Recovery starts right after surgery. You are helped out of bed on the day of or the day after surgery. A physical therapist will help you to walk, and most patients will have one or two sessions of physical therapy per day. The goal of therapy is to assist with strengthening of the muscles and walking. Therapy will also make sure that you are safe when you go home. That’s important when doing things like dressing, using the bathroom, getting up from a chair, and climbing stairs.

Will I be able to walk after surgery?
Most patients use a walker or crutches after surgery but often will be able to progress rapidly to using a cane. Walking soon after surgery helps you get better. It also helps avoid things like bedsores, pneumonia, and blood clots.

Can I go directly home from the hospital?
Many patients are able to leave the hospital and go directly home after surgery. It is important to identify a family member or friend who will be able to help with common household tasks such as preparing meals and doing dishes. Some patients will require a stay at a specialized care facility such as a nursing home or rehab hospital.

Will I be able climb stairs when I leave the hospital?
In general, patients are able to climb stairs after leaving the hospital; however, it is often initially slow and tiring and most patients are happiest if initially they are able to stay on one floor after returning home from surgery.

Will I need Physical Therapy after surgery?
All patients benefit from specific exercises after surgery. These will be directed by your surgeon and often will involve a physical therapist. Most patients need to do their exercises for a minimum of four to six weeks following surgery.

How much will my joint replacement weigh?
Most weigh between one and two pounds.

Are there any activities I will not be able to participate in after I recover from my joint replacement?
Most patients are advised to avoid running, jumping, or impact sports after surgery, so that your joint replacement may last longer.

Will I be in a lot of pain?

Fear of pain from surgery is one of the biggest reasons why people avoid having a hip or knee replacement. Pain control comes from using several medications that affect both the spinal cord and the brain.  With better pain control, you will have mild to moderate pain. There are also medications that help control nausea if it occurs.

When will I be back to normal?

Most people get better from hip or knee replacement in about six weeks. The time it takes to walk without a cane or drive after surgery is different for everyone. You will need physical therapy after going home. The skin incision or cut will heal in two to three weeks, but the process of healing can take up to a year. Once you are without pain, you will notice an improvement in your ability to walk.

We at Blue Sky Therapy are ready to assist you after knee replacement therapy!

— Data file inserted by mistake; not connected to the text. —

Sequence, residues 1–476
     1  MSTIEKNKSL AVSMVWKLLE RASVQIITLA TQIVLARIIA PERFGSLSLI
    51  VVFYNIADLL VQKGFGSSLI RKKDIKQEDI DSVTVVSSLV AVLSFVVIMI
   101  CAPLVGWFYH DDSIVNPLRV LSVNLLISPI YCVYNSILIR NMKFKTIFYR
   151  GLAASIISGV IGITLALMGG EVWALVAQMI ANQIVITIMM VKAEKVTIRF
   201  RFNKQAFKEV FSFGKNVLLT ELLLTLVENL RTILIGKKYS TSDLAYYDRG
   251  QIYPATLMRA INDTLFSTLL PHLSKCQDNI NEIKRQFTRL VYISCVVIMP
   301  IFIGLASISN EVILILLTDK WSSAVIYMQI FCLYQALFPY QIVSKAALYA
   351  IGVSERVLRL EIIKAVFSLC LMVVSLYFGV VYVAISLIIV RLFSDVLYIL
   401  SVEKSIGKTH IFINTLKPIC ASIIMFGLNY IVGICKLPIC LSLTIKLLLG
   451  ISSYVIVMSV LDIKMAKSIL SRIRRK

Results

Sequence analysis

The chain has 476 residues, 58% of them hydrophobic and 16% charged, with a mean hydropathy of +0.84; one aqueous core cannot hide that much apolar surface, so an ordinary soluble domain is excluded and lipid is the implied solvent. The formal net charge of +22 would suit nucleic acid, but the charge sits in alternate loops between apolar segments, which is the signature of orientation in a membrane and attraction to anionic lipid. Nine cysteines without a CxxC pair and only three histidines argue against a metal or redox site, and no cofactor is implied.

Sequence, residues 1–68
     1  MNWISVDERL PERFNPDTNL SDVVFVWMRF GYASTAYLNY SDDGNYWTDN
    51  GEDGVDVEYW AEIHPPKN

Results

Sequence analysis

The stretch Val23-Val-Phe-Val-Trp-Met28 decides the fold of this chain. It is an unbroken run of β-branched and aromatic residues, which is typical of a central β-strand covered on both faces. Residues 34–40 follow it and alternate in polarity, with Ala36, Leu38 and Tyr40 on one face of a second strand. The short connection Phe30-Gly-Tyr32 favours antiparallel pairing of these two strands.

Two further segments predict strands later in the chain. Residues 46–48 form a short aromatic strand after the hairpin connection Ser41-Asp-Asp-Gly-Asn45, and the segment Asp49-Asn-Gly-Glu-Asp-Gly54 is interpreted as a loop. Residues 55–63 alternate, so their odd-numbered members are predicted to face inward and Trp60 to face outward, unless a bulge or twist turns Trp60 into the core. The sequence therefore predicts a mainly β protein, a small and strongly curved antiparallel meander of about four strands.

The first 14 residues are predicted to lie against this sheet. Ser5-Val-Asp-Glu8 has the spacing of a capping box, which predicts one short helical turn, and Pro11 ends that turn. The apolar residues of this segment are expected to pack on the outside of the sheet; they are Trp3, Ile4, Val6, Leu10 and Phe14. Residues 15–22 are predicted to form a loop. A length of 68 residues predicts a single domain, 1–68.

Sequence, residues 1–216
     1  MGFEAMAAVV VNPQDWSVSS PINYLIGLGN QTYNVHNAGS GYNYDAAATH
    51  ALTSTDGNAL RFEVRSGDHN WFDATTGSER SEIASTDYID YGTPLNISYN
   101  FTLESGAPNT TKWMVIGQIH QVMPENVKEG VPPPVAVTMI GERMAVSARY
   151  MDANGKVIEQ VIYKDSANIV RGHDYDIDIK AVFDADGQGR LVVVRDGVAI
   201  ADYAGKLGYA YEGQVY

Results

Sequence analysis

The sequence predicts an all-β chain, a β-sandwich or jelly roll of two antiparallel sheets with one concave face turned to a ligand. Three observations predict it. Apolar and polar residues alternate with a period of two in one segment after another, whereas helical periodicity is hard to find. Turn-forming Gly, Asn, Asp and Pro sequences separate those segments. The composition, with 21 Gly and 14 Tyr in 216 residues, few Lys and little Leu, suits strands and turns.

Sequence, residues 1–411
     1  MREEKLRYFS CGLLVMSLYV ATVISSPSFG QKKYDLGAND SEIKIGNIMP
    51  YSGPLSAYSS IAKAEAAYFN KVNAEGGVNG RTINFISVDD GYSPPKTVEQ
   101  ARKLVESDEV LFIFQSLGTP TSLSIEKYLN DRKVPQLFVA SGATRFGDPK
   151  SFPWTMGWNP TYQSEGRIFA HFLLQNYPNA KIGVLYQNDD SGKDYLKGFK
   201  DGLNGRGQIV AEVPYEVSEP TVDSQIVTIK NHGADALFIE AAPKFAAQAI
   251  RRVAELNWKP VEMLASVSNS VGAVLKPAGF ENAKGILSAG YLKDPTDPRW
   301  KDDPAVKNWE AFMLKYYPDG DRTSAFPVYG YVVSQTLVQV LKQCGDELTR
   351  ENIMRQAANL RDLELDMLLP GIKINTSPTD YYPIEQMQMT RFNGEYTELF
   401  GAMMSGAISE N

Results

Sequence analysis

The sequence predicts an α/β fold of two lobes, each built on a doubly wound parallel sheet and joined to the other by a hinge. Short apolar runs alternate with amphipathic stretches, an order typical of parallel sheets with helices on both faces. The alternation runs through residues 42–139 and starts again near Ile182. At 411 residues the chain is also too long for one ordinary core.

Blue Sky Therapy has a continued commitment to patient-driven quality, excellence, integrity and innovation in everything that we do. That’s why we are scrupulous about planning the treatment of each and every client, and carefully documenting the outcome!

Resources:

American Association of Hip and Knee Surgeons. Developed by the AAHKS Patient Education Committee. Authors: Craig J. Della Valle, MD, Frank R. DiMaio, MD, Marc W. Hungerford, MD.

Ortho Hips and Knees- Part 6

When total knee replacement is the only option

If alternative methods such as medications, injections, bracing, weight loss or exercise don’t give you relief, you may consider a total knee replacement – a TKR. These are some of the frequently asked questions regarding total knee replacement:

How long does a TKR last?

As with a total hip replacement, you have a 90-95% chance that your joint will last 10 years, and a 80-85% chance that it will last 20 years. With improvements in technology, these numbers may improve.

What types of implants are there?

Here are specific implant design terms:

Gender specific: a modified implant design that accounts for average anatomic differences between men’s and women’s knees.

Rotating platform: a plastic bearing that independently rotates on a metal tray on which it is seated.

Will I need general anesthesia?

Both hip and knee replacements can be performed under regional anesthesia. Choices for regional anesthesia include spinal anesthesia, epidural anesthesia, or one of a variety of peripheral nerve blocks. Data shows that regional anesthesia can reduce complications and improve your recovery experience with less pain, less nausea, and less narcotic medicine required.

What is minimally invasive surgery?

Minimally invasive surgery is a term that describes a combination of reducing the incision length and lessening tissue disruption beneath the incision.

How long will I stay in the hospital?

You will likely stay in the hospital for one to three days, depending on your rehabilitation protocol and how fast you progress with physical therapy.

When can I walk after surgery, and how long before I can shower?

Most people are walking with the assistance of a walker on the day after surgery, and using a cane or nothing at all by 2-3 weeks. If you have been given a standard dressing, you won’t be allowed to shower for 5-7 days.

How long does it take to recover?

It can take up to three months to return to most activities, and likely six months to a  year to fully recover following a TKR.

Will I need physical therapy, and if so, for how long?